Dealing with difficult personalities & situations

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Jack Downton
Managing Director
The Influence Business Ltd
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The scandal surrounding News International executives has brought to the fore a number of issues that accountants face day-in and day-out: how to deal with strong personalities and difficult situations, explains Jack Downton.

One can only imagine the temperature of the meetings that have been taking place internally and with external advisers at News International as executives try to piece together what occurred in the past and agree on a strategy for the future. While it is (hopefully) rare that accountants are required to deal with suspected illegal activity, confronting thorny issues, dealing with dominating personalities in meetings and handling angry clients or colleagues is not.
 
The first lesson that the Murdoch example teaches us is that the truth will come out eventually.  Whether as a result of tenacious (honest) journalism, or increased transparency as a result of digital communications, whatever unpleasantness you try to bury will find a way to the surface. It is far better to be straight about bad news right from the start.
 
Coming clean about a mistake, informing a client about a change in personnel, or breaking the news about a poor result is like holding a hand grenade. Tossing it from one hand to the other in front of the client or the board, and trying to lead into the topic in a disingenuous way, won’t stop it exploding. You demonstrate greater integrity by tossing the grenade in an up-front and honest way, and then working hard to pick-up the pieces.
 
If you try to hide facts or lie, then very often your body language will throw doubt on the logic of what you say, undermining your arguments and creating subconscious uneasiness in the minds of your audience.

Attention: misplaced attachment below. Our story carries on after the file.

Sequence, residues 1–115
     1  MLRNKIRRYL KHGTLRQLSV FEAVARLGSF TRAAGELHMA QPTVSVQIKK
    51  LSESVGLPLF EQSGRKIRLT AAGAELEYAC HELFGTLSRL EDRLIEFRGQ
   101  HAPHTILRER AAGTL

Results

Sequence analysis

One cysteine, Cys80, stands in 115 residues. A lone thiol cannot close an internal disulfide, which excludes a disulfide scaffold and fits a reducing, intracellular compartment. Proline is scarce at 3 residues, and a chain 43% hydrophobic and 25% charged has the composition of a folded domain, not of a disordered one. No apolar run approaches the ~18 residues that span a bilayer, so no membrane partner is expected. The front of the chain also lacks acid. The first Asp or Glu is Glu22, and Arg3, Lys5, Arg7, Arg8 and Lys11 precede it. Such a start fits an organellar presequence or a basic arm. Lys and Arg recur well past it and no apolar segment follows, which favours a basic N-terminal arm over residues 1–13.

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By chatman
03rd Aug 2011 14:01

Don't agree with "the first lesson"

"The first lesson that the Murdoch example teaches us is that the truth will come out eventually"

I disagree. I think the lesson is that the truth might come out sometime, probably years after the objective has been achieved (policemen bribed, governments changed, laws changed etc).

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By ericfok
04th Aug 2011 04:35

In Murdoch's case

"Aggressive overbearing characters can dominate meetings by winning the noise war, making it very difficult for accountants who may have less assertive and punchy personalities, to be heard."

I agree and disagree. I believe nowadays accountants should be more assertive than being just the technical persons elaborating technical points. CFOs, accountants are the gate keepers, the controllers of assets and liabilities of corporations which include the intangible assets - the image and goodwill of the firm. In this case, a soft and lobbying approach usually does not drive home the seriousness of the issue, especially up against some overbearing person who thinks he/she can railroad everybody for some decisions and let somebody else to face the consequences later. In IFAC's Code of Ethics, integrity is the first and foremost professional quality required. Accountants are required to assert it at all time even when their current jobs are at stake.

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